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Suspect in deadly LGBTQ club shooting was subdued by patrons, Colorado police say

People embrace in the overflow crowd outside a vigil at All Souls Unitarian Church in Colorado Springs on Sunday, Nov. 20. Five people were killed and about 25 injured in a shooting at Club Q the night before. (Matthew Staver for The Washington Post)

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COLORADO SPRINGS — Members of the LGBTQ community here were confronting a shattered sense of safety Sunday after a gunman opened fire at a gay and lesbian nightclub Saturday night, killing at least five people and injuring 25 others.

Club Q described the violence, on the eve of the Transgender Day of Remembrance, as a “hate attack.” Officials said that they were investigating whether the shooting was a hate crime and that they would seek murder charges for the suspect, a 22-year-old man who was previously arrested for allegedly making a bomb threat.

The suspect was in custody and being treated for injuries at a hospital Sunday morning, Lt. Pamela Castro, a police spokesperson, told reporters. She declined to comment on a motive and said the FBI was assisting in the investigation.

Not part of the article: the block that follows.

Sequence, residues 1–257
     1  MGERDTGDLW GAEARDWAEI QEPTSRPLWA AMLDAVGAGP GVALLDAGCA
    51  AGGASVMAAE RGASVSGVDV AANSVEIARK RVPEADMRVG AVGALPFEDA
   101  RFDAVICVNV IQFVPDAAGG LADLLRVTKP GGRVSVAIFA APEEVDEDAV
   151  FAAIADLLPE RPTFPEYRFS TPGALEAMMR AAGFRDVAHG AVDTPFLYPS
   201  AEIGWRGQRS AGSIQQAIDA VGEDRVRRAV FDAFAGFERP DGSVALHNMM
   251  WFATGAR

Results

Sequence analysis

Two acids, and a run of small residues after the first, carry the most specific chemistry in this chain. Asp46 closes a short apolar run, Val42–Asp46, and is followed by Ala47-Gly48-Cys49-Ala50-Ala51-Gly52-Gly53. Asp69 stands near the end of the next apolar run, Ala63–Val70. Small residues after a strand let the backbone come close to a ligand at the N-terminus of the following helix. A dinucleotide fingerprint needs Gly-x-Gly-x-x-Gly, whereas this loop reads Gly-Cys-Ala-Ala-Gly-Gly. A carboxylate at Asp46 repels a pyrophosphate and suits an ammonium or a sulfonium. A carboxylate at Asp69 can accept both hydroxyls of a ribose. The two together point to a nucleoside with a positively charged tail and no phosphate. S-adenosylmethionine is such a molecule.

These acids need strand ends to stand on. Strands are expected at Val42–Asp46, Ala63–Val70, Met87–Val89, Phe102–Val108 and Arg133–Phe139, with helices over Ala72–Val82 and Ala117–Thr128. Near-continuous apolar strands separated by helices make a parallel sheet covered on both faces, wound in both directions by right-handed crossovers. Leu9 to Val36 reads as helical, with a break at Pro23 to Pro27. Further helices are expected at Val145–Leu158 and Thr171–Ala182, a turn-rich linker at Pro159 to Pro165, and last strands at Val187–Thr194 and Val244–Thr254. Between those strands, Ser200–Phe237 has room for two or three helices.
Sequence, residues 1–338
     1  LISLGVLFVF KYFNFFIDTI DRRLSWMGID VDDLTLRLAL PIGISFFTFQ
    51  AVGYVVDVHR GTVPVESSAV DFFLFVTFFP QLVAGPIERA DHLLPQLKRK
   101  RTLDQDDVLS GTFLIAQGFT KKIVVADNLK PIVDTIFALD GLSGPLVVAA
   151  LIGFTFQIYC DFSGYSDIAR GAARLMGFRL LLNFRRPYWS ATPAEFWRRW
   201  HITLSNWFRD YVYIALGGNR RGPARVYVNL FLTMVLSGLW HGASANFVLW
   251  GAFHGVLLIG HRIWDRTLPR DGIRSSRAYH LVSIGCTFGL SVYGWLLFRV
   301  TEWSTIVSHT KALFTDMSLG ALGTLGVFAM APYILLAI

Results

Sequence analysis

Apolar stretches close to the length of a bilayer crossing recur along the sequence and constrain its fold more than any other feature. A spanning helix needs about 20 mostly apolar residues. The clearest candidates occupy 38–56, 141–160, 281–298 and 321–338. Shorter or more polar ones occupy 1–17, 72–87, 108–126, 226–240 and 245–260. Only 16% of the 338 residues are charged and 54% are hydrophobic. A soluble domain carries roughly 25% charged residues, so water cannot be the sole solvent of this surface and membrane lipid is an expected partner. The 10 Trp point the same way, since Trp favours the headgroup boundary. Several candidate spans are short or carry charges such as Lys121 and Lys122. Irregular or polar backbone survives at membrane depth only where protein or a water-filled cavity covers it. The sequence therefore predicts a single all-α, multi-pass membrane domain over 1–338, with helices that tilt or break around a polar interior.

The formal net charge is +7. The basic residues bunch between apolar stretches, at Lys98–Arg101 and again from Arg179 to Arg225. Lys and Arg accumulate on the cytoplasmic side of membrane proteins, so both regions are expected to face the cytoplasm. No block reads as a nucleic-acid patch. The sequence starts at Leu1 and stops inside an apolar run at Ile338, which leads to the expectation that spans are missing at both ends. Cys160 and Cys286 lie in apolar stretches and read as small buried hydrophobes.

Here’s what to know

  • Police identified the lone suspect as Anderson Lee Aldrich. He was injured and subdued, authorities said, after firing with a “long gun.”
  • Some patrons at the club “confronted and fought” the shooter, preventing others from being killed, police said.
  • At least two people were in critical condition Sunday. Authorities had not released the identities of the victims.
  • President Biden sent a message of support to LGBTQ people and said the attack was part of “horrific hate violence” that has plagued the country in recent years. “Gun violence continues to have a devastating and particular impact on LGBTQI+ communities across our nation and threats of violence are increasing,” he said in a statement.
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Here's what to know:

Police identified the lone suspect as Anderson Lee Aldrich. He was injured and subdued, authorities said, after firing with a “long gun.”
Some patrons at the club “confronted and fought” the shooter, preventing others from being killed, police said.
At least two people were in critical condition Sunday. Authorities had not released the identities of the victims.
President Biden sent a message of support to LGBTQ people and said the attack was part of “horrific hate violence” that has plagued the country in recent years. “Gun violence continues to have a devastating and particular impact on LGBTQI+ communities across our nation and threats of violence are increasing,” he said in a statement.

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Francis and Sands reported from London, Somasundaram and Iati from Washington, and Brasch from Atlanta.

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